I started my firm five years ago, almost exactly.  I had recently split from my husband and started my own accounting firm so I could be around for my children. I grew my practice, got certified in many cloud-based add-ons, began teaching Xero’s certification course, became a Xero US Ambassador, bought an app, launched a Xero training company (elefanttraining.com) and wrote a book of Xero practice exercises.

I said “Yes” to everyone and everything.  I just kept going.

Then this May, I was speaking to a group of bookkeepers, telling my story about crafting my dream practice out of the struggle of being a single parent, and I realized I had missed my children’s first day of school for a conference and would be missing their last day for a work trip.

I was operating out of momentum, not purpose.

I wrapped up my role as a Xero Ambassador and declared that for sixty days, I would be on a career meditation.  I promised myself I would:

  1. Be open to what the world brought my way, but not commit to anything.
  2. Not accept new clients.
  3. Read everything I could about business, change, startups, technology, organization and marketing.  If someone recommended it, I bought it.
  4. Be present on social media for the purpose of helping new practice owners so I could understand their hurdles.
  5. Make time for quiet. Listen devoutly.

How did July and August go?  Great.  My practice did not fall apart.  In full disclosure, I have a really efficient practice with great, self-motivated staff. We have processes and workflows that, quite honestly, I often get in the way of more than I facilitate.  My “going quiet” did not bottleneck any of our current work.  My staff got in touch with me when they had questions, but those were few and far between since we were only working on existing clients.  I referred away a small amount of new work, but nothing that I regret.  Summer is slow across the board.  We have had more leads in the last two weeks, than the two months before.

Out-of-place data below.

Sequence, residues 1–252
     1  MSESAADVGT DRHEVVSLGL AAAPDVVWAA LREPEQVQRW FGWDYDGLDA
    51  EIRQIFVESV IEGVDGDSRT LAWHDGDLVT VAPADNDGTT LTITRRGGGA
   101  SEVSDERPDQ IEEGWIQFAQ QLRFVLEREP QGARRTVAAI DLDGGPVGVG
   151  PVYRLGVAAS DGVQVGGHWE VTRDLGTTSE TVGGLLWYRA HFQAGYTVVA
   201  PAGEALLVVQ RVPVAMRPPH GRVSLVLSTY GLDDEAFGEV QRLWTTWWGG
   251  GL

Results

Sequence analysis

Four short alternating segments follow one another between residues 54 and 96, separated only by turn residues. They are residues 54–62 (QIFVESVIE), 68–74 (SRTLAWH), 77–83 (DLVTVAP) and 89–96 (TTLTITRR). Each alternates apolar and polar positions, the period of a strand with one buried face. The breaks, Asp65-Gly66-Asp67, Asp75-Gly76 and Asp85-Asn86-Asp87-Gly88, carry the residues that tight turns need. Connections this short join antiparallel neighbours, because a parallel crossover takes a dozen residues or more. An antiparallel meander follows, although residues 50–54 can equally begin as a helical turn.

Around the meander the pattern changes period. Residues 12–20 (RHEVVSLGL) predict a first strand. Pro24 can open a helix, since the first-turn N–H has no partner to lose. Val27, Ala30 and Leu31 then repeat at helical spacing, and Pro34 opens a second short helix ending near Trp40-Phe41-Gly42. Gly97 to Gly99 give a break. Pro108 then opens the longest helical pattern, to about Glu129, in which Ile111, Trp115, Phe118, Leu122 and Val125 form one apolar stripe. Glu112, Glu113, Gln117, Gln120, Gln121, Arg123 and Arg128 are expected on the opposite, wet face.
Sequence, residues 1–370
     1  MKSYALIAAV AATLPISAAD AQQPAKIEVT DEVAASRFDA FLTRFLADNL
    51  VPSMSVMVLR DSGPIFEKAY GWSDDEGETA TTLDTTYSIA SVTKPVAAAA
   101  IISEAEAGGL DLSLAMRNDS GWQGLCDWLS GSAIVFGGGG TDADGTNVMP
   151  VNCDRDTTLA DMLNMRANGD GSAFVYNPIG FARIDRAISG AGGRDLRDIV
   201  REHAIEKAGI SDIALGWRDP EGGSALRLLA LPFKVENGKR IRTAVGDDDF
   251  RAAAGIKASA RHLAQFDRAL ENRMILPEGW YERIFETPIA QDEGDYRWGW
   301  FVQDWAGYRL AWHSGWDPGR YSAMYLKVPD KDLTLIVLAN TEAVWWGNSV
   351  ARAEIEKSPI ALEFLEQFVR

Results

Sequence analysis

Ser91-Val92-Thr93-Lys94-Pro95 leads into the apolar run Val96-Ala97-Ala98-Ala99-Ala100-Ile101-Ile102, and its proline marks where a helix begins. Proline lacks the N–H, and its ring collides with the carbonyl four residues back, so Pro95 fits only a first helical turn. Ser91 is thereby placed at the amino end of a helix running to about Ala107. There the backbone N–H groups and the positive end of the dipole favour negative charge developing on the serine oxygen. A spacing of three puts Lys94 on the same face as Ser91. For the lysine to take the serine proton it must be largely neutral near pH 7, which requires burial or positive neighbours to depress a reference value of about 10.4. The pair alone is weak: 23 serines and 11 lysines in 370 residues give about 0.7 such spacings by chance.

I had time to do things to fill my tank. I read some really great books- Habit Stacking by S. J. Scott, for one.  I replaced the mail app icon at the bottom of my iPhone home screen with Audible, so audio books were always at hand.  (Note- with one week to go, I accidentally deleted the Mail app altogether.  No idea how.  I have yet to replace it- being unlocked from email is one of the best things I have ever done for my sanity.)  I ran consistently which gave my brain time to let loose.  I get lots of great ideas on runs.

I also made an effort to meet new folks.  There were several accounting thought leaders that I knew of, but hadn’t met one-on-one.  I made time to jump on Zoom calls with people throughout the sixty days.

By the end of my meditation, I knew where I wanted to focus my time going forward- helping accountants and bookkeepers create their own dream practices using technology.  I will continue to lead, and likely organically grow the practice, but that won’t be my goal.  I will spend my energy in developing Elefant for technology training, and another yet-unnamed consulting group which will provide boots-on-the-ground change management for accounting firms.

Accountants are notorious for being overworked.  It’s kind of our defining characteristic.  However, we don’t have to be on full burn all the time.  In fact, that’s unsustainable.  Taking a full sixty days to reflect on my career was absolutely what I needed, and I recommend you do the same. Anything shorter creates its own kind of stress and urgency.  The purpose is to live each day WITHOUT an agenda, but to be open to the world.

And hopefully in living without a to-do list, you’ll discover what it is you were meant to do.